Tuesday 12 December 2017 by Guest Contributor Opinion

The outlook for Australian bond yields

Bond yields are projected to rise in 2018 and 2019, but by how much? Where will they settle? Warren shows historically, it takes a very long while for them to rise 200bps above low points. He then forecasts end 2018, mid 2019 and long term rates

outlook

​By Warren Hogan, ex ANZ Chief Economist

For fixed income investors with a long term horizon the current interest rate environment presents many challenges. Interest rates and bond yields appear to be near the end of a long term bull market, the likes of which we only see every 40 years or so. The big question for many commentators in recent years is whether bull market which commenced with the end of the great inflation of the 1970s is over. While this is an important question and one which I believe has not been answered yet, the more important question is - what is next? If the bond bull market is over, are we due for a sudden and severe sell off to mark the end of the bull market in other asset classes.

I think we are at the dawn of a new phase for the global bond markets, one which offers a gradual rise in yields over the years ahead. This will not be a crash by any means. Indeed, the new rising yield environment will offer investors with a long term time horizon the opportunity to enhance portfolio returns.

Is the bond bull market over? A technical perspective

While I am not a technical analyst and I have some reservations about its application for both economic analysis and investing, it does help to characterise the market environment and place market participants expectations in perspective. Importantly, technical analysis helps to identify key price levels in markets that can act as a trigger for action for by others. These trigger points can also signal a shift in expectations if they coincide with a shift in the underlying economic fundamentals.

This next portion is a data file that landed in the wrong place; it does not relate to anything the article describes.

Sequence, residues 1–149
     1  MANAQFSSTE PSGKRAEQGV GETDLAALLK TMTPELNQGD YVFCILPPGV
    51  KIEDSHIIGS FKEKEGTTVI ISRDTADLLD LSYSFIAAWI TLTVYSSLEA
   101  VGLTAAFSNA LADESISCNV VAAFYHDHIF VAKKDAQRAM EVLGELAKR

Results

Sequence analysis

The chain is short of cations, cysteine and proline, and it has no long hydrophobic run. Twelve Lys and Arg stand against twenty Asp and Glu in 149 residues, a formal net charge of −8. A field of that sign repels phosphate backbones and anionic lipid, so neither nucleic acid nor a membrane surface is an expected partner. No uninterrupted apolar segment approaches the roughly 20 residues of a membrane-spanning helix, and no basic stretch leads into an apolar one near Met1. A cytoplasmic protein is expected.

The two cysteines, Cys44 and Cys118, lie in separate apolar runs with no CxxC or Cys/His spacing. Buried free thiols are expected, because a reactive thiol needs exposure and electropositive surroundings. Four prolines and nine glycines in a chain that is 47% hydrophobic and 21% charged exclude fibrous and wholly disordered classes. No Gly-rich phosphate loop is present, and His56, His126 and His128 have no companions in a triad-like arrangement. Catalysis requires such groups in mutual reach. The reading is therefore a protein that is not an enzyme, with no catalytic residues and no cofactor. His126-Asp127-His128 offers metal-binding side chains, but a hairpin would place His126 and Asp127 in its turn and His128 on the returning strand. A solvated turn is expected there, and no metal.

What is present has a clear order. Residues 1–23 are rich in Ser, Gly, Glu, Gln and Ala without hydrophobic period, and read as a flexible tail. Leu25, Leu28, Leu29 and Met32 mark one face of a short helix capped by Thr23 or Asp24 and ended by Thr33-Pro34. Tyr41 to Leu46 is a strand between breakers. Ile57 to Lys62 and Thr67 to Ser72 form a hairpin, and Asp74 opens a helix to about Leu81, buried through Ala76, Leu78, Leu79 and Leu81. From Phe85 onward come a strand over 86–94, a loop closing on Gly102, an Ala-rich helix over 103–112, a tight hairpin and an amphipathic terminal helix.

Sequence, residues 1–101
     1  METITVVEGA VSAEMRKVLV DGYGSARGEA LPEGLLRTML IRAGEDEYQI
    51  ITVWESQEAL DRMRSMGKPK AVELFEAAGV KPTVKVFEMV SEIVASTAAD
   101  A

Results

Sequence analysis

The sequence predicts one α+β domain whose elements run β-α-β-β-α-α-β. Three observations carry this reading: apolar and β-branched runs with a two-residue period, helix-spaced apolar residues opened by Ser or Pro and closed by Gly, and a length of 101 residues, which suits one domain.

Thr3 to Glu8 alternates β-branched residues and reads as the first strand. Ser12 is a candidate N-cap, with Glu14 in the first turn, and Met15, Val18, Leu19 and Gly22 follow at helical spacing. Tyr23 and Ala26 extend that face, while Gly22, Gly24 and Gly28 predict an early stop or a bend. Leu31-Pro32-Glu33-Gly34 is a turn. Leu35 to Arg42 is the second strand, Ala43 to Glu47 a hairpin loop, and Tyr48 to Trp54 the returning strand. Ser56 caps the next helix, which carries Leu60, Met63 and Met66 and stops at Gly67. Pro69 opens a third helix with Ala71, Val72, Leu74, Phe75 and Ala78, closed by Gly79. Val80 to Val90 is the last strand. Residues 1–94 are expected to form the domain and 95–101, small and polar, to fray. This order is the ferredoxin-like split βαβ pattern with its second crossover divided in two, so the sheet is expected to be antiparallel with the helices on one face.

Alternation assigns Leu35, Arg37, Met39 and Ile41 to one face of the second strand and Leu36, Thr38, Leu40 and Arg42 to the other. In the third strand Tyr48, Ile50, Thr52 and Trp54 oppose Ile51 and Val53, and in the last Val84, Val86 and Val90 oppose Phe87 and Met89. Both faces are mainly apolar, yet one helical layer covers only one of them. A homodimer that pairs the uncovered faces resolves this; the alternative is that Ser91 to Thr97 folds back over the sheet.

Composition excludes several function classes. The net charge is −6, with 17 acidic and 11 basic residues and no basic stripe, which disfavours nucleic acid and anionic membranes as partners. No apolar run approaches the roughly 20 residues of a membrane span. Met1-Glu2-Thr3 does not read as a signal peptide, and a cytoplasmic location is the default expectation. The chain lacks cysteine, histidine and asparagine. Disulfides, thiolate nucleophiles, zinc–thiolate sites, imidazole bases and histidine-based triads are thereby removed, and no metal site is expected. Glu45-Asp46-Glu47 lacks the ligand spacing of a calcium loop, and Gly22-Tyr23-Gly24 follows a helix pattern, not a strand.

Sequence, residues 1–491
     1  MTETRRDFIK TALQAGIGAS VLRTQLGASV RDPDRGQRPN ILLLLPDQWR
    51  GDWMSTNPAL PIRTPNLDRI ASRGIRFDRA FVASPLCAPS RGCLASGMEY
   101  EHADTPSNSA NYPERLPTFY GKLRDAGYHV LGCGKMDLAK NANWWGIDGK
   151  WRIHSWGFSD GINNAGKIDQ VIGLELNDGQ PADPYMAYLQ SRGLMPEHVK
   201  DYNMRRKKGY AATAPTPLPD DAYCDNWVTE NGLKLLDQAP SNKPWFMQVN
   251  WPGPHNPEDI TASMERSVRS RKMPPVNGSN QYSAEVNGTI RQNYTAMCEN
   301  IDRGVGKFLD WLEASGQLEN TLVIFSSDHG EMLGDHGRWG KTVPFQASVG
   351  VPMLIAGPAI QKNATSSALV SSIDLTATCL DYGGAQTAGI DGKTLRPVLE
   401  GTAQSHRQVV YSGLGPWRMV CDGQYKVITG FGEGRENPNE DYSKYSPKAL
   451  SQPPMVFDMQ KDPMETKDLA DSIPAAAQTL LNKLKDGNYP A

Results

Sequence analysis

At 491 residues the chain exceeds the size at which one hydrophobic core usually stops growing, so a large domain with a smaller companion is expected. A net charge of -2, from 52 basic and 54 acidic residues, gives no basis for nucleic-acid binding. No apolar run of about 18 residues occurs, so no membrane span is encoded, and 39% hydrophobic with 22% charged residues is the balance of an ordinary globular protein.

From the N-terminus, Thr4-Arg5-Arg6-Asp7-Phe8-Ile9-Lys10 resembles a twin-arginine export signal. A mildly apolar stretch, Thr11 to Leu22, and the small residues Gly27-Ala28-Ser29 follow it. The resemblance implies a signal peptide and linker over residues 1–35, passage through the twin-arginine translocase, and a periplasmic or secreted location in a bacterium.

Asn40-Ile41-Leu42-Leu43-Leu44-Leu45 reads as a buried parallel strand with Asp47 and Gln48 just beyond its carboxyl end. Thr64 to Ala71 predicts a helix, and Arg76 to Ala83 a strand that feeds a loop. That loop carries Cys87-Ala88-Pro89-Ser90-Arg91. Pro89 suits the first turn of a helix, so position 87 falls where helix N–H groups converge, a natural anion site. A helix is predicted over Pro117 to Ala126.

Chart 1 shows the US 10yr Treasury yield since the mid 1970s. The bull market is defined by the downward sloping yield channel evident since the early 1980s. What jumps out straight away is that despite the US 10yr yield have passed it low point a few years ago, the overall bull market channel remains in place. This is important because there have been many times in the past 30 years when the yield has made a new low point and then risen, only to ‘re-rally’ in subsequent years to new lows.

Chart 1: A Technical Perspective of the Bull Market


Source: Warren Hogan, US Federal Reserve

As has been the case many times in the past 30 years, we are now approaching the top of the bull market channel. My simple calculation is that the market needs to see a sustained break above a yield of 2.75% in 2018 to signal the end of the bond bull market. So to answer the question, the bull market is not over, but it soon could be.

The outlook for bond yields - A fundamental perspective

There are three main factors that influence Australian bond yields:

  1. The RBA cash rate
  2. US bond yields and
  3. Credit spreads 

Once you have a handle on how they interact it is reasonably straight forward to construct an outlook for Australian term bond yields.

An RBA tightening cycle is likely to commence in 2018

The RBA cash rate is the primary anchor for the Australian yield curve and determines short term funding costs in Australian debt markets. The RBA effectively sets the base for all other interest rates across the economy.

My outlook for the RBA cash rate was covered in this article, Why Australian interest rates will rise, released in November. The core view is not too different from what the consensus of economists has been in recent times, that is, a small rise in the RBA cash rate in 2018, most likely commencing in May. How quickly and how far the RBA move are always important questions for bond investors, the best time to buy long duration fixed income securities is typically near the end of a central bank’s tightening cycle.